But did you know that asthma, allergies and eczema are on the rise in Westernized countries? Or that food allergies more than tripled in the US over the course of a decade? And that developed countries are seeing a sharp increase in autoimmune and allergic diseases?

As just a couple examples of the prevalence of these issues, asthma affects nearly 37% of children in the United Kingdom, and type 1 diabetes rates have increased 23% over an eight-year period.

Isn’t this alarming?

What’s the cause? And, more importantly, what can we do?

Many experts are coming to believe that the underlying cause of the increase in these kinds of disease is the microbiome, your body’s collection of friendly bacteria, also called microflora.

What does that mean in plain terms? It means we’re being exposed to too FEW bacteria.

For example, a recent study found that that infants are much less likely to suffer from allergies if they’re exposed to household bacteria and allergens from rodents, cockroaches and cats during their first year of life.

This may seem strange (and kind of gross), but for years scientists and researchers have hypothesized that the reason allergies and autoimmune diseases are on the rise is because we’re too clean. The “hygiene hypothesis” theorizes that too-clean environments promote allergies and asthma because there’s not enough exposure to various bacteria and allergens in early life.

By contrast, many less wealthy countries (who also tend to have more bacterial and parasitic problems) continue to have much lower rates of all allergic and autoimmune diseases.

Further evidence shows that children who grow up on farms have lower allergy and asthma rates, possibly due to their exposure to bacteria and other microbes.

Of course, the scientific community cannot make any concrete recommendations until further research is done to verify these findings — but I have a personal opinion (based on past science) that I want to share with you.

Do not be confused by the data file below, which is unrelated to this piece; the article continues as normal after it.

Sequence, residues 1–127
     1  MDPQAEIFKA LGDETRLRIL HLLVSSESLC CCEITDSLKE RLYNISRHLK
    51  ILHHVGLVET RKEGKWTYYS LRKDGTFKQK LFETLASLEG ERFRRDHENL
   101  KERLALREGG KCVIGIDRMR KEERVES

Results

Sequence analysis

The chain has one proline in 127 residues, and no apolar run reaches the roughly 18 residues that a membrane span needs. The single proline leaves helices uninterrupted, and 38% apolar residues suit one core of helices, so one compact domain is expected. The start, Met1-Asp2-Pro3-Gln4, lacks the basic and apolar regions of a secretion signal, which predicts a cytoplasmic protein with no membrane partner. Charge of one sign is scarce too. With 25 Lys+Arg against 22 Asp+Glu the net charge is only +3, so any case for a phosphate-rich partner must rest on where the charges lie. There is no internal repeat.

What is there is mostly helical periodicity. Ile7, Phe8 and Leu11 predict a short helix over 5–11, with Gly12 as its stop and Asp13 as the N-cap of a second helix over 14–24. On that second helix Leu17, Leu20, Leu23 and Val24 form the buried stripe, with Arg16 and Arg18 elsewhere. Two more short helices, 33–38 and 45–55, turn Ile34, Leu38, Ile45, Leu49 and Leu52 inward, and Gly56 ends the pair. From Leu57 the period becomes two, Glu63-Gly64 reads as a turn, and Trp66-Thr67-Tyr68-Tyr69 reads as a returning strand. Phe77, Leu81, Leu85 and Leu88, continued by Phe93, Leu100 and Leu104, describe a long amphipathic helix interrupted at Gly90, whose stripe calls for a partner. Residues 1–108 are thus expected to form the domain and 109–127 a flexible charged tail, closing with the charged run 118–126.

I think we need to INCREASE the amount of bacteria in our lives, rather than DECREASE.

And I don’t think we have to wait for scientific approval to try these things at home. These tips are especially helpful for those of you who have kids or are planning to get pregnant, but they apply to everyone.

1. Get dirty!

This is especially important for kids. For example, let kids play in dirt and climb a tree. My dream for schools across the world is to create a dirt area that’s protected from pesticides and fertilizers. They should play in this area, or garden, or just sit and read. Same goes for adults.

2. Don’t overclean.

Do you really need to use that antibacterial wipe? Do you really need to sanitize your hands? I practice and recommend that we use antibacterials when there’s an obvious risk of bacterial infections, or contact with bodily fluid or feces. I truly believe that the solution is NOT a sterile (bacteria free) world.

3. Use antibiotics judiciously.

Remember, MOST ear infections, sore throats and colds don’t require antibiotics. I personally stay away from antibiotics for me and my patients as much as possible.

4. Share your food.

Parents’ saliva is actually beneficial to a baby’s microbiome, so share food and water with your child! Of course, skip this practice if you’re sick, but in general it’s a good policy.

5. Check your vitamin D levels.

There’s good evidence that low vitamin D levels are correlated with immune system changes, including more allergies and autoimmune issues.

Your levels are increased by sunlight, foods and supplementation. You want your levels to be between 50-70 ng/ml, ideally.

6. Increase your good bacteria by using probiotics.

Before you run to the store for probiotic supplements, understand that natural probiotics in fermented foods are far superior to taking probiotic supplements.

We, and our children, need to reconnect with dirt. Get out of the house and get dirty. Our health depends on it.

So what do you think? Will you try these things? Any other ideas about how to get more good bacteria into your life?

Photo Credit: Shutterstock

About the Author

Amy Shah, M.D. is a displaced New York native who pursued her medical training at Columbia University Medical Center in NY, Beth Israel Deaconness/Harvard Medical School, Albert Einstein College of Medicine, and Cornell University.

Her goal is to help you combine Eastern, Western, and Internet medicine to achieve a life, and body you love. Join her on her brand new website www.amyshahmd.com